Council services: 'What do we want and how much to pay?'

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like most political slogans, David Cameron's "Big Society" is meaningless fluff which is vague enough to appeal and antagonise in equal measure.

If anything, it resonates least well in Scotland, where we have tended to accept a bigger role for government and the need for appropriately-funded public services.

The problem, though, is that "appropriate funding" is itself a point of contention, with cuts at Westminster, Holyrood and now the council.

The News revealed the size of the City Chamber's axe last week. Today we outline what some cuts will actually mean, in terms of bin deliveries, parking charges and public loos.

&#149 What do you think of the prospect of fewer bin collections in Edinburgh? Vote here

Frankly, it isn't a pretty picture. There's something for everyone to hate, and the ruling Lib Dems and SNP must be fearful that they will face their own death by a thousand cuts in next year's election.

But what would the other parties - or indeed any of us - have done? The council's grant from government is down 3.1 per cent, while other incomes have collapsed and the black hole over three years is 90 million.

This is why it is time to look behind Cameron's Big Society gimmick and ask fundamental questions about what government, especially at a local level, should actually do.

Critics who suggest the Big Society is in fact just a cover to soften the Westminster coalition cuts programme have a point.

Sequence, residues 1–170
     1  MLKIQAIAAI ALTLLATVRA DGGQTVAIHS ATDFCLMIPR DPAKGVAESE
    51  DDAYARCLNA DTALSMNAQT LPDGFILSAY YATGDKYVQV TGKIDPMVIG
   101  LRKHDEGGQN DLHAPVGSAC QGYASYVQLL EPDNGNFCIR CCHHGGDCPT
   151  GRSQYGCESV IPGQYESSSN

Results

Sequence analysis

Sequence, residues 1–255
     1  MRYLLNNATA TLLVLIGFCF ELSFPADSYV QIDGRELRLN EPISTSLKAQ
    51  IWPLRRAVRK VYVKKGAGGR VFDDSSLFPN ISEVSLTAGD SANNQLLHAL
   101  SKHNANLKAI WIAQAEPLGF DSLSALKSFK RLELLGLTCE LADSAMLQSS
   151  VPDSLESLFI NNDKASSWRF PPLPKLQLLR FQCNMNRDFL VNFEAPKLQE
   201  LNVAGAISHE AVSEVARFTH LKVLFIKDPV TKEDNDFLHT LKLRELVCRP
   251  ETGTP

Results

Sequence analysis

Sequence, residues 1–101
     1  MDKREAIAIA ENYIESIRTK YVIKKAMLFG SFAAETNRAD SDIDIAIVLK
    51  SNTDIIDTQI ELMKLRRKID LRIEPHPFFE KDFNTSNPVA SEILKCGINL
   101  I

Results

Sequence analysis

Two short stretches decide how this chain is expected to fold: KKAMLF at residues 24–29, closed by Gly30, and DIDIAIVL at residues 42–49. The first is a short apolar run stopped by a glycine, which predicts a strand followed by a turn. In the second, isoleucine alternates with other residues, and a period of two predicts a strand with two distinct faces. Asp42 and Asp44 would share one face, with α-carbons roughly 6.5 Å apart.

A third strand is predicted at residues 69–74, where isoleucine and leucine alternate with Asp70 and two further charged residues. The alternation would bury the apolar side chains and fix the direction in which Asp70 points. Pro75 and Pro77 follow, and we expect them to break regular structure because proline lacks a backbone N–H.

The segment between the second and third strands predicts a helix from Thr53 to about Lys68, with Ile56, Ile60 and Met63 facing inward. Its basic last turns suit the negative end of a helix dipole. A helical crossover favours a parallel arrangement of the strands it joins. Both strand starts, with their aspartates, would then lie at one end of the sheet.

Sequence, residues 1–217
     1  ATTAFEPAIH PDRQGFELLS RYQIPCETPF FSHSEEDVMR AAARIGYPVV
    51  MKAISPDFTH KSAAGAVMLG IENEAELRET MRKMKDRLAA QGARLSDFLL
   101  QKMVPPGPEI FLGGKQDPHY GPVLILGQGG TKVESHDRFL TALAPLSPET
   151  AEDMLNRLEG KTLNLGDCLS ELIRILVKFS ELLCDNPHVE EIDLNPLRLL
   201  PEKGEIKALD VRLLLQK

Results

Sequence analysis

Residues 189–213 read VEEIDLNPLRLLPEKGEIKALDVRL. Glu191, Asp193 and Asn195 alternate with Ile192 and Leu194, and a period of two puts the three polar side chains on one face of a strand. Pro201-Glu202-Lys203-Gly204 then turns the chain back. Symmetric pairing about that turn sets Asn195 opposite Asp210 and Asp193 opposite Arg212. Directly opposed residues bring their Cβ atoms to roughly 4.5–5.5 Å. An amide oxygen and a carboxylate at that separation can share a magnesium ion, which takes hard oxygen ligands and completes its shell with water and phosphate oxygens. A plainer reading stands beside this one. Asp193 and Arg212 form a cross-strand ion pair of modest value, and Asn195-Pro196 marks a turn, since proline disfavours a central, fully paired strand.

And most reasonable people would agree that councils must continue to play a key role, to ensure the common good and to protect the vulnerable.

But in past times of plenty, with burgeoning budgets, money was simply wasted on the peripheral and vainglorious, like Edinburgh's Outlook propaganda sheet.

We now need to have a real debate about what we want local authorities to do, and the city council itself must take the lead in asking residents what they need and how much they are willing to pay in future.

Important though public services will continue to be, the starting point has to be "less".

Danny's the boy

many people have been labelled "ambassadors" for Scotland and for Edinburgh.

But is there a better one than a daring guy in his 20s who can do some neat tricks on a bike?

Danny MacAskill is an internet phenomenon. A film of him performing stunts in a beautifully portrayed Edinburgh has more than 23 million hits, and a follow-up on the road to Skye will be just as successful.

VisitScotland and the city authorities should sign him up now. He'll bring in more tourists than shots of the Castle set to moody music.